At the same time readers are exposed to the seriousness of slavery. Elijah encounters captured runaway slaves, shackled to a barn wall, awaiting their return to the south - a trip they don't plan to make. The runaways' torment and anguish over what is to come is clearly evident to older readers. Younger readers, along with Elijah, will learn more slowly, and may not truly understand all of what their future holds. But Elijah understands enough to help. His heart is gold. He does what he can. Through this experience and other related ones, Elijah begins to understand more and more about freedom and its cost.

Like Curtis's The Watson's Go to Birmingham - 1963, Elijah of Buxton is the the tale of two books. As readers are drawn into the story by is humor they may miss the foreshadows of the seriousness to come. Eager readers may leave school laughing at hoop snakes but return the next day confused and angry over Elijah's trip to the circus or encounter with the captured runaways. It is for this reason only that this truly exceptional book does not receive my highest recommendation. (For more information see My Soapbox.)

Monday, February 4, 2008

The Wednesday Wars by Gary D. Schmidt

Anything to get out of school, right? As long as it doesn't get you in trouble or in the doctor's office, that is. Wednesday afternoons are dedicated to religious education at Camillo Junior High in 1967. The Jewish half of class attends Hebrew School at Temple Beth-El and the Catholic half attends Catechism at Saint Adelbert's. That's everyone in seventh grade.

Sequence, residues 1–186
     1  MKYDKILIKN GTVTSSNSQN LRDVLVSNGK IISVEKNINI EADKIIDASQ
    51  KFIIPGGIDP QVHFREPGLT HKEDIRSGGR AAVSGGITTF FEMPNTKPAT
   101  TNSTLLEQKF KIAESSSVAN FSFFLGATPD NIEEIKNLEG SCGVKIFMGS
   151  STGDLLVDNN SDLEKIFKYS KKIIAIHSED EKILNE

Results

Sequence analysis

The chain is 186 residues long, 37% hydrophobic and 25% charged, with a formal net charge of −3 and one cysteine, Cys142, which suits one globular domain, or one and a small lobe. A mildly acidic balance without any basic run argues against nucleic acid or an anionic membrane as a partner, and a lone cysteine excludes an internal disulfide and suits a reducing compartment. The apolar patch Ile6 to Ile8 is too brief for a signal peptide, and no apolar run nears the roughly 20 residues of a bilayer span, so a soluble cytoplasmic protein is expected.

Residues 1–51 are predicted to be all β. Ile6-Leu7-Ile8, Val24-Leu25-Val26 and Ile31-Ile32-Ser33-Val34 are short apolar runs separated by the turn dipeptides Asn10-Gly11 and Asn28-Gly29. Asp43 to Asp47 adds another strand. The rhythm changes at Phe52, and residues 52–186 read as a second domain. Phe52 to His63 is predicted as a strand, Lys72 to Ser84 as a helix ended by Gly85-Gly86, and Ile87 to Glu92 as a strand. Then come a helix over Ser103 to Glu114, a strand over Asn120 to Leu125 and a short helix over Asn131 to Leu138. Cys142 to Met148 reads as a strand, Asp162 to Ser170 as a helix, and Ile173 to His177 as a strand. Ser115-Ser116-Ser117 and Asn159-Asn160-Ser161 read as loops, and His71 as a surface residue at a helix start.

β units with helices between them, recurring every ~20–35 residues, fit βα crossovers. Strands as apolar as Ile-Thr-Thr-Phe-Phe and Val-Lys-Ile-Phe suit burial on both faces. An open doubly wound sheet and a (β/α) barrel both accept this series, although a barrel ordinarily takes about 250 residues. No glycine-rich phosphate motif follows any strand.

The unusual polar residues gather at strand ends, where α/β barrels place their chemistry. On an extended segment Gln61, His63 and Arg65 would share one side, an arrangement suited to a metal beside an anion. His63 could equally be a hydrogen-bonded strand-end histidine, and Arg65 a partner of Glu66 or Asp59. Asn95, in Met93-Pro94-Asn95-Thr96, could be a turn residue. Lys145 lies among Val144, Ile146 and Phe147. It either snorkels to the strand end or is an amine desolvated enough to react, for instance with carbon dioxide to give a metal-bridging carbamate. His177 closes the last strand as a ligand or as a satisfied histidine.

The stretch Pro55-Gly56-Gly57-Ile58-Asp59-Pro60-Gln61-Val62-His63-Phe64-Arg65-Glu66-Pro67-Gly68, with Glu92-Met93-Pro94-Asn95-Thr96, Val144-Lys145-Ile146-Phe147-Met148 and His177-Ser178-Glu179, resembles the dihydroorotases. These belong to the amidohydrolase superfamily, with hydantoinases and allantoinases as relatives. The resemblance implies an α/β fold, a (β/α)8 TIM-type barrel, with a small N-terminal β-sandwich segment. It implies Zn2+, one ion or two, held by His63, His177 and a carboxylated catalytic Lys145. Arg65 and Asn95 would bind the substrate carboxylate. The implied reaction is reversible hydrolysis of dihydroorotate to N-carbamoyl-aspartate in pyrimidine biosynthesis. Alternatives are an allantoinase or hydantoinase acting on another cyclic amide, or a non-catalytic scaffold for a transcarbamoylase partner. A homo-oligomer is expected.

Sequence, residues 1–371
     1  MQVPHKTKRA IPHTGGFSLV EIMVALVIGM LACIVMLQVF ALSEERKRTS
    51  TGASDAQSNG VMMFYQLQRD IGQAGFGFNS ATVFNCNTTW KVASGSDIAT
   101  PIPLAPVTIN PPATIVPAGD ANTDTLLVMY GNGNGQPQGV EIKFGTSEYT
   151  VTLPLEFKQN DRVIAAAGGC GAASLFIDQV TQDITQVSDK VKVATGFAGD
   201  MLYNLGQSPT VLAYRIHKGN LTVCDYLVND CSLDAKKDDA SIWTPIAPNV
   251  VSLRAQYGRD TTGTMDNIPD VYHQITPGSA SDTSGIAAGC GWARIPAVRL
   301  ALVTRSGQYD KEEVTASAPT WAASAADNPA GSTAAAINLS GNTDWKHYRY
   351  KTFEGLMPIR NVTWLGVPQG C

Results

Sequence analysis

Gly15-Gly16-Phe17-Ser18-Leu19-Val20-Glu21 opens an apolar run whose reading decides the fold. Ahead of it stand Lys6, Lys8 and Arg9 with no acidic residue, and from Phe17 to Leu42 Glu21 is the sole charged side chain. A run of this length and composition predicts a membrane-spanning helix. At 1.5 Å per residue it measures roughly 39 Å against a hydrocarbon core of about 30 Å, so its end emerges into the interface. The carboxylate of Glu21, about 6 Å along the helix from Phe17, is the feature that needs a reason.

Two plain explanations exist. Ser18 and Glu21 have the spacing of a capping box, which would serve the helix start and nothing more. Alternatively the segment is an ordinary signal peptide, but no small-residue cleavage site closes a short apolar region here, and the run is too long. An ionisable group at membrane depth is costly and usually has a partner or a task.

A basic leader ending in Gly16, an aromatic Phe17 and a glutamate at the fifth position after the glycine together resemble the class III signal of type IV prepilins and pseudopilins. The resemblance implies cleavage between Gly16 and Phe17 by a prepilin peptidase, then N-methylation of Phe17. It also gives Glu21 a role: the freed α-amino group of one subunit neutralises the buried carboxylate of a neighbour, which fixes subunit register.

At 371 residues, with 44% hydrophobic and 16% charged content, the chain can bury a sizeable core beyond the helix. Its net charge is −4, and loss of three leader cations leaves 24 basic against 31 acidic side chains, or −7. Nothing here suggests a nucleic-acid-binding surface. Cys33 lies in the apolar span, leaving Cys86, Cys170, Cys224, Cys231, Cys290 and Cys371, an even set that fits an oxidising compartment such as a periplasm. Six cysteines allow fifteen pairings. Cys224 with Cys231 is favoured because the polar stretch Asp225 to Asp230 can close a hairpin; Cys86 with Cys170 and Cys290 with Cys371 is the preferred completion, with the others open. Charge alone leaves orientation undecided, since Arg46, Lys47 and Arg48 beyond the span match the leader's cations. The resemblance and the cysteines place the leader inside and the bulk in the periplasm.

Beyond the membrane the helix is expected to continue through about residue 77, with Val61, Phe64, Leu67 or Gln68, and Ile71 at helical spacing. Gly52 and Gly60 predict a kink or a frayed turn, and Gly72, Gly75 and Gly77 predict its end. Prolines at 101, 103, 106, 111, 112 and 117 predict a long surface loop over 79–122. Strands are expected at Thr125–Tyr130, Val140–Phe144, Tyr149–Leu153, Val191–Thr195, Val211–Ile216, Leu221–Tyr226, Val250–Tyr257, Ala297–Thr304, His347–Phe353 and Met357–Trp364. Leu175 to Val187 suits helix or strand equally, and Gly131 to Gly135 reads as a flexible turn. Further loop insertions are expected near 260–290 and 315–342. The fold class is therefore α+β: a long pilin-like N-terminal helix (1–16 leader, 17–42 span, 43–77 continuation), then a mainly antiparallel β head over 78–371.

Except Holling Hoodhood, the seventh grade's only Presbyterian.

Due to this theological quirk, Holling is Mrs. Baker's only student on Wednesday afternoons. She's thrilled. And she hates Holling, at least according to him. What more proof would a seventh grader need of a teacher's true loathing than to be assigned...of all things...gasp!...Shakespeare?!? Alone! So, starting with The Merchant of Venice, Holling takes on the Bard. His new Shakespearian education (and appreciation) lands him a gig as Ariel the fairy in The Tempest, complete with yellow tights and feathers on his, well, I'll let Holling disclose the exact location of the feathers.

Not that it's all Shakespeare and feathers on the butt (sorry, Holling.) Holling's career obsessed father refuses to acknowledge his flower child sister's growing political beliefs. The war in Vietnam runs throughout the story, but despite evenings with Walter Cronkite and teachers' husbands serving overseas, the war doesn't overwhelm the reader. There's also a few escaped (monster-sized mutant) rats in the school, Doug Swieteck's brother, unlucky cream puffs, the aforementioned yellow tights, and Holling's relationship with Meryl Lee, the daughter of his father's main competitor. In the end Holling doesn't necessarily choose his destiny, but he does come to terms with the main person who will decide it. Himself. Tights and all.